Geometry, what Kepler called “the archetype of a perfect world”. If only the class itself could be a part of that perfect world – when I took the class, I once got 4/10 on a proof because I missed 6 steps out of 16. Memorizing the theorems is difficult and the proofs are grueling. How do you pass? Or even better, how do you ace the class? To spare you the feelings of consternation that you may experience, I will provide some advice to help you on your geo journey.

1. In geometry, you will often have to prove statements. Let’s face it, proofs are terrible and no one wants to do them. What’s more, if they’re giving you a statement to prove, it must be true. There’s no need to prove it yourself.

2. The same goes for constructions. Just draw random lines and arcs. Trust me, no one will know the difference. As long as it looks fine, it will serve its purpose. See Advice No. 5.

3. Know the five essential postulates of geometry:

- Two points can be connected, or disconnected, in any way you want.
- A line can be extended into any shape, or even a point.
- You can draw a circle if and only if a square and a triangle, as well as a nonagon, have a common center.
- ALL angles are congruent.
- All lines are parallel, but some lines are more parallel than others.

4. In the event that you do have to prove a statement step by step, but forget the name of an essential theorem, make up your own: it’s not that hard. Hence, the Point Trisector Theorem and the Law of Binary Circles.

5. Know your triangle congruences and similarities. However, to be honest, just arrange the letters ‘A’ and ‘S’ in three-letter strings for congruences and two letter strings for similarities.

6. In geometry, you’ll be working with circles and solids with circles a lot. It greatly simplifies your calculations to round π to 3. How come no one thought of it before? (Disregard the fact that Indiana nearly did so in 1897). Doing this also greatly improves the formula for the volume of a cone – it becomes r²h. Who wants to deal with ugly decimals?

7. All figures are drawn to scale. That bears repeating. ALL FIGURES ARE DRAWN TO SCALE. In the unlikely scenario that a diagram says “Figure is not drawn to scale”, ignore it – they’re just trying to throw you off. When solving problems involving these figures, measure side lengths with a ruler. If you unfortunately don’t have a ruler, measure distances between your fingers.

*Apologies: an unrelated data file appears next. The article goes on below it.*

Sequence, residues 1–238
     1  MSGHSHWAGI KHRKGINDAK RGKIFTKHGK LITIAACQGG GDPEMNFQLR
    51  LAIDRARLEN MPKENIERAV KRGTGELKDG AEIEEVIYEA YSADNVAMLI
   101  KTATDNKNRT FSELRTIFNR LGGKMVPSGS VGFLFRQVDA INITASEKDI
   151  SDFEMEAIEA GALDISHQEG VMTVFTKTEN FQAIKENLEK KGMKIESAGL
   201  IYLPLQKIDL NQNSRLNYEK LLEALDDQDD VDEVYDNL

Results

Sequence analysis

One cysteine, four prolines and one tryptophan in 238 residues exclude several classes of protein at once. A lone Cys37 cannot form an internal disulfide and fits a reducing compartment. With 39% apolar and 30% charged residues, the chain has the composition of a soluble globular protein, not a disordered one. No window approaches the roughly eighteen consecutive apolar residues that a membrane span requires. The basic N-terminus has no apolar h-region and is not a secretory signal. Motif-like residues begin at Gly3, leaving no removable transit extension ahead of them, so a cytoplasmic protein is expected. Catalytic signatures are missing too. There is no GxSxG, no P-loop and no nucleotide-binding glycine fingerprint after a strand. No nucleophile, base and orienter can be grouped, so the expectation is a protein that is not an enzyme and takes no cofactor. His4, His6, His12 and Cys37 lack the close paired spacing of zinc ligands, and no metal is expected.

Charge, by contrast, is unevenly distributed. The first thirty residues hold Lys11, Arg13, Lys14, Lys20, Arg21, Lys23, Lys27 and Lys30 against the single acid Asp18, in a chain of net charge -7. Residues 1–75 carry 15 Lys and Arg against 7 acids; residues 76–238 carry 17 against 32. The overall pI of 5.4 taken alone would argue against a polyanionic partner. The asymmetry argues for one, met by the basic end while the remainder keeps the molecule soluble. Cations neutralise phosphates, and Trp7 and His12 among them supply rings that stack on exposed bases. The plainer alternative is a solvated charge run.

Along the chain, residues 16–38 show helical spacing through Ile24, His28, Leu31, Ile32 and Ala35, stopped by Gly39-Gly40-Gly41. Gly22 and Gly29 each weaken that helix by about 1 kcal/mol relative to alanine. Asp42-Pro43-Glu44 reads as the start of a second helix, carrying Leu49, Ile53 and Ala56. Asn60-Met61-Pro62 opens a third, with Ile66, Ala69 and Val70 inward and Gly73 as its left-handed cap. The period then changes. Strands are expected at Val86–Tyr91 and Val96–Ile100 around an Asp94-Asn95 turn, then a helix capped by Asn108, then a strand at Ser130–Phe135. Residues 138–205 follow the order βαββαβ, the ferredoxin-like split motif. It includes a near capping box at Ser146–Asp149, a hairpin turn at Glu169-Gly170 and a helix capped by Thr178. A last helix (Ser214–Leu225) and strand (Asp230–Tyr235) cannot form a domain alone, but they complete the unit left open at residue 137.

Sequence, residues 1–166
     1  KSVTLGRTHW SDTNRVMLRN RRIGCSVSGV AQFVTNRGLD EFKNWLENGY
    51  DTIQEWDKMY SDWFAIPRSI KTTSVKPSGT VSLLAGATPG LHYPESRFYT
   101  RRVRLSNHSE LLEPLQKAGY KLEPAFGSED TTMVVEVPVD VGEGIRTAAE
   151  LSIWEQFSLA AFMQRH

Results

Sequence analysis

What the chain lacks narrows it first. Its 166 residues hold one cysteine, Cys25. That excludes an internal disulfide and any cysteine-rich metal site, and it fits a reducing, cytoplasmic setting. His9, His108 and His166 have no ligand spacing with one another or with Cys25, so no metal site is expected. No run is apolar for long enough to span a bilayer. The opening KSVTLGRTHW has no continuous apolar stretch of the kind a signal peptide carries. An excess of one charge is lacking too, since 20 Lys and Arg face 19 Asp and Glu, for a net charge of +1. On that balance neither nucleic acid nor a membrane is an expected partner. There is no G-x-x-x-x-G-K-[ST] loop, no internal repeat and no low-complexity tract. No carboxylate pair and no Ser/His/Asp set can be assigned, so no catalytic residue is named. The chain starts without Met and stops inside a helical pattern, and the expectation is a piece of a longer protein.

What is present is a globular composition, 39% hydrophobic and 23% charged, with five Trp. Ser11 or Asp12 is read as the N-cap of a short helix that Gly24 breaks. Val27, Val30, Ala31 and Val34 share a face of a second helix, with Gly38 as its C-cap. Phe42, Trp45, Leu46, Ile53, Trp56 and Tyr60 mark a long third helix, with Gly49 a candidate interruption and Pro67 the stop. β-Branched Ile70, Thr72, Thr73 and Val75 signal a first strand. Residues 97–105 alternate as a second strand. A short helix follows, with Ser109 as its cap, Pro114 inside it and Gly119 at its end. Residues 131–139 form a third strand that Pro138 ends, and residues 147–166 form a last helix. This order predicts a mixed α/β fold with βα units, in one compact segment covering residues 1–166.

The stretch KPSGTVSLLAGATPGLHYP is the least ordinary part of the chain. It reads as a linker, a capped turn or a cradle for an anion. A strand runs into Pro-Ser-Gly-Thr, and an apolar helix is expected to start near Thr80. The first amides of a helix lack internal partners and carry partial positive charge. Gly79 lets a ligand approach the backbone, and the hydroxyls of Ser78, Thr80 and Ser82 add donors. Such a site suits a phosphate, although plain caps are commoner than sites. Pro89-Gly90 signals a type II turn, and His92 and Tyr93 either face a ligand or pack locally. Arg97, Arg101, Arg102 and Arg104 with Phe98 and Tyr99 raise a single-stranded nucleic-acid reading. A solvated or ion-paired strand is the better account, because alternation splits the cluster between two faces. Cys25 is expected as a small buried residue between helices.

What’s more, if two lines look parallel, they probably are. If two triangles look congruent or similar, they probably are. You get the idea, right?

8. Trigonometry might be the worst part of geometry. When evaluating trigonometric functions, it doesn’t hurt to round everything to the nearest one. Then, the value of all trigonometric functions become 1, 0, or -1, which drastically cuts down the clutter. If Archimedes can calculate the circumference of the Earth using a Syracusian well, then a few rounding errors certainly won’t make a difference.

9. Your teacher might ask you to bring quintessential geometry supplies to class such as rulers, compasses, protractors, and your textbook. Using these supplies for math is boring. Why not use them for sword fights? It’s always entertaining to charge at each other with lances leveled and shields raised in the middle of class (please don’t stab anyone with a compass).

10. Some geometry classes have a small probability unit, which will probably be the easiest one. The answer for every probability question is ½ because there are always only two choices – either something happens or it doesn’t.

You don’t want to spend a year in a boring class. It’s up to you to make class fun 😉

*Disclaimer: None of the above advice is intended to be taken seriously. The author is not responsible for any incidents that may occur from implementing said advice.